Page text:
*Whole Foods' deliveries are handled by Amazon's delivery contractors.
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Old 23rd March 2020, 05:29 PM   #53
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It seems that there's an issue where the capacity for delivery built in to the system isn't enough to meet current demand, because demand has increased a great deal in a short time span. To increase that capacity will take time (and capital investment).

To the extent that there are regulations that are preventing that expansion of capacity, those should be put aside as soon as possible.

It's possible that companies might expect the demand to return to normal in a short time frame, in which case it might not make sense to invest in this shift in capacity, given that the upfront costs of making the shift might not be recuperated by the profits accrued after having made it. Given the severity of the issue and that it seems we're in for a relatively long term situation, and what seems to me to be relatively low capital costs, I don't expect this to hold it back. But as Meadmaker mentions those costs might be exacerbated by regulation: if you're hiring an army of new delivery people for a short term crisis, you should be able to lay them off when the crisis is over. You should be able to hire people driving their own cars, rather than having to buy a whole new fleet of trucks that a year from now will have to be sold off, etc.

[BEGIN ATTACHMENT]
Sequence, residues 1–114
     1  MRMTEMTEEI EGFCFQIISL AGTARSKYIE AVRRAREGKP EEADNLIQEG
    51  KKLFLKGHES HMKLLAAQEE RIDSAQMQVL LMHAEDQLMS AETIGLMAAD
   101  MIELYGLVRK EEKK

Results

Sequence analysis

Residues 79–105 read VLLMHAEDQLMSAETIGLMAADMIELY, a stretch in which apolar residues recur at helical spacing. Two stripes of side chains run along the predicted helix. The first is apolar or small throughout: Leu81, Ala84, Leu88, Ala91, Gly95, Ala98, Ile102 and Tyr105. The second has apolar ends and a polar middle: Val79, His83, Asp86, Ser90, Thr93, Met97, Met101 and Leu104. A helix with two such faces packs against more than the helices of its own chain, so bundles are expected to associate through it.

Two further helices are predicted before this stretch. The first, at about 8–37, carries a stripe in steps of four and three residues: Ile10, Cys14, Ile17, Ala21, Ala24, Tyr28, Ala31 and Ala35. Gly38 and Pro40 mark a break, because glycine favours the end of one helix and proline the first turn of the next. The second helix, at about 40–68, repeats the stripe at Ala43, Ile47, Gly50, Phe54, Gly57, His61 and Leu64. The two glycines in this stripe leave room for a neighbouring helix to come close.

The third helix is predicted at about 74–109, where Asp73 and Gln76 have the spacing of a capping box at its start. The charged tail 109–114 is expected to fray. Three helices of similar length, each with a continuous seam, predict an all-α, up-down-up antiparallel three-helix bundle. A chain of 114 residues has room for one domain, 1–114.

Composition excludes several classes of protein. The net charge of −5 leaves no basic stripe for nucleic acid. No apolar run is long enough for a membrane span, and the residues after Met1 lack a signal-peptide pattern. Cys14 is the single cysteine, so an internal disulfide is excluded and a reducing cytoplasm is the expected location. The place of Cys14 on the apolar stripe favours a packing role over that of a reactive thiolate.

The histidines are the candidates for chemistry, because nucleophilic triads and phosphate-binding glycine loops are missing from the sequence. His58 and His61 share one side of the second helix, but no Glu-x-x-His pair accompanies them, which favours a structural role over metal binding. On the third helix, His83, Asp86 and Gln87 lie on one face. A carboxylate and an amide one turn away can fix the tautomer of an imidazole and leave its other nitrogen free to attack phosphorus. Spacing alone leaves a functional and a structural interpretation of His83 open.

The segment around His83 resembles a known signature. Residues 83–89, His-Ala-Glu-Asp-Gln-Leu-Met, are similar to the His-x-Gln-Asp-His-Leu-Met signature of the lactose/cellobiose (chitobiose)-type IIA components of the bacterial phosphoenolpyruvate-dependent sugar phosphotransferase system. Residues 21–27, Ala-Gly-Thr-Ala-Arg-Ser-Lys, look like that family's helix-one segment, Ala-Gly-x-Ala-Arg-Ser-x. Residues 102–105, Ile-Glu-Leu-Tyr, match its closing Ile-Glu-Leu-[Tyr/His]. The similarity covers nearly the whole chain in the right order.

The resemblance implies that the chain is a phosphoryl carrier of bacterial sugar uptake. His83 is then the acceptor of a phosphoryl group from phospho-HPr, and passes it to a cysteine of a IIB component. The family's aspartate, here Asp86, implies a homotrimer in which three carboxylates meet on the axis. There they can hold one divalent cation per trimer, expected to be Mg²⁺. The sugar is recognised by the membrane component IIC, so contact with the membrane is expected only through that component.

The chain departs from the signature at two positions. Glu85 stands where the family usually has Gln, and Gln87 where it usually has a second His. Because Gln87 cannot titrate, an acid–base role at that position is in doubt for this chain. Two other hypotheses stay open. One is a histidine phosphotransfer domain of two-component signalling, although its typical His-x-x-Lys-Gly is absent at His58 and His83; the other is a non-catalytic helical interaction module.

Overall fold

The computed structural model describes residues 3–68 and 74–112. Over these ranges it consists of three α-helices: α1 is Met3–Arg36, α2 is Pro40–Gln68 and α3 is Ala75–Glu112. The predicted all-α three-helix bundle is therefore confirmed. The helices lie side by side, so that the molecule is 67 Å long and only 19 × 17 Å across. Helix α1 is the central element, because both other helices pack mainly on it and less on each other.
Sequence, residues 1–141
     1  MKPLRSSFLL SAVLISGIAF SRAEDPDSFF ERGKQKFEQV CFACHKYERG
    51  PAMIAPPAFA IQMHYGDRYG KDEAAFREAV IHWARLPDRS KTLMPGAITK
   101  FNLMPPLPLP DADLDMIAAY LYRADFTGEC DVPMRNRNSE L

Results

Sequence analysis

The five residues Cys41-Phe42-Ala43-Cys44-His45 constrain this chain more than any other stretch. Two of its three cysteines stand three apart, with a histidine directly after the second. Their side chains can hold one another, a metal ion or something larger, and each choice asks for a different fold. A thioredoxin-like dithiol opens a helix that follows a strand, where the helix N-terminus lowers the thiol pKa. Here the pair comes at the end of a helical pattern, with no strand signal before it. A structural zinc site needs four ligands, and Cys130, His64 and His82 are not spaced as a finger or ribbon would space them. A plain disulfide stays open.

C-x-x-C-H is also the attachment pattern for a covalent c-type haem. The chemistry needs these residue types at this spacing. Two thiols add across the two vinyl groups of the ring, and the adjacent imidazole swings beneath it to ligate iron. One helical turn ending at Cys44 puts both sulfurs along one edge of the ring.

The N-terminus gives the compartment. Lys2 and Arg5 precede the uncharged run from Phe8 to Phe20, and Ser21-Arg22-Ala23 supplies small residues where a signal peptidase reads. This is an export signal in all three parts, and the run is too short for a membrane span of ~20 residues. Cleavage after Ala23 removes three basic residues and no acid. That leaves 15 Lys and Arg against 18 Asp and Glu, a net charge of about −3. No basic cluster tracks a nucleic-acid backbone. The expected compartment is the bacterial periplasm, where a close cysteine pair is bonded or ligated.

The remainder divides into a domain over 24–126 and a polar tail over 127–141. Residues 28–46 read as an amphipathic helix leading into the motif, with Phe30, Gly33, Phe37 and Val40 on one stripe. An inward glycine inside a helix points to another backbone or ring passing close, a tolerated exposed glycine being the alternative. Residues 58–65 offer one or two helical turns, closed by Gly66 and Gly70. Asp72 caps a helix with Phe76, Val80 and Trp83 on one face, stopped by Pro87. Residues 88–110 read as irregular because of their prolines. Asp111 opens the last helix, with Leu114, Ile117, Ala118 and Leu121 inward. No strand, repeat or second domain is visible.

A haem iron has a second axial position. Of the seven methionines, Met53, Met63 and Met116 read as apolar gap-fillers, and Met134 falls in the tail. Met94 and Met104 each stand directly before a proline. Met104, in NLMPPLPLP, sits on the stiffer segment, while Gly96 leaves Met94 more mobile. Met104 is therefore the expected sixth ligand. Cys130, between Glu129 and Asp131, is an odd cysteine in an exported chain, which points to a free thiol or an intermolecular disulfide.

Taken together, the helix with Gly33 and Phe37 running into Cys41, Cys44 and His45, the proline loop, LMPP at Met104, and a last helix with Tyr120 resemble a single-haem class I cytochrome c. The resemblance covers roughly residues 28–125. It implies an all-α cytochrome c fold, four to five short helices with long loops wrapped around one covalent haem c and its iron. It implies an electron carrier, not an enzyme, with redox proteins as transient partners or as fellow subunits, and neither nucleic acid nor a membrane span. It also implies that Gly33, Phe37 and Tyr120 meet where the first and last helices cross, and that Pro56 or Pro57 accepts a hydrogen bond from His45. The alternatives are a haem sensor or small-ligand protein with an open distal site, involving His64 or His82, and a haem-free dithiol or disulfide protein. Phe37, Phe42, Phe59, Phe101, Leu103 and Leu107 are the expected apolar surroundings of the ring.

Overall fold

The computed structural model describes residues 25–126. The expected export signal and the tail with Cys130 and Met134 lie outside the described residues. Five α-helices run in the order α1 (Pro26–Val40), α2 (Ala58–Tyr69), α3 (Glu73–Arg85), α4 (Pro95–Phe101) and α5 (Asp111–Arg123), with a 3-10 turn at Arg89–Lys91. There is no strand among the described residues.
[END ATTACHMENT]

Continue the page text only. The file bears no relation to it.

To the extent that there are issues of capital availability to make this shift, I'd be in favor of government stepping in to help.

I expect the market to start to make that shift, to meet this increased demand, but the sooner it happens the better and if government can help to speed that along it can make a difference to the spread of the disease.

I'm not sure about the specific solution Meadmaker is suggesting, but I understand a little more clearly the issue now, and am not opposed to some sort of targeted approach.
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Old 23rd March 2020, 09:27 PM   #54
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Originally Posted by Roboramma View Post
I'm not sure about the specific solution Meadmaker is suggesting,
Neither am I.

But your post summarizes my thinking pretty well. I just put a bit of thought into a couple of specific aspects of how something could be done. I wish some people who could actually make it happen were doing the same.
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Old 23rd March 2020, 11:21 PM   #55
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Originally Posted by Meadmaker View Post
Neither am I.

But your post summarizes my thinking pretty well. I just put a bit of thought into a couple of specific aspects of how something could be done. I wish some people who could actually make it happen were doing the same.
I was thinking of those spaces they have outside Target designated for Parcel Pickup so you never leave the car. Target is overpriced for groceries though.

I signed in to my grocer to see what is offered.

Delivery & Free Pickup! (it says)

Pick-up - Not Available at this location (what?!!)
Delivery- Not available within the next 3 days
Ship: 1-3 days $35

I have always just bought groceries the normal way but I think I would prefer pickup to delivery. Plus it is free while delivery is $9.95. And shipping? From down the road? What is that even about?

No pickup at my store but did give me the option to drive to Indio. Just 90 miles away!
Seems they are having some inventory shortage and are looking to hire workers. Maybe if I work there I can get my groceries curbside?

Good stuff: The 65+ crowd get the first half hour of the day to shop!
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Old 23rd March 2020, 11:41 PM   #56
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This would have been better than typing it out!

s by , on Flickr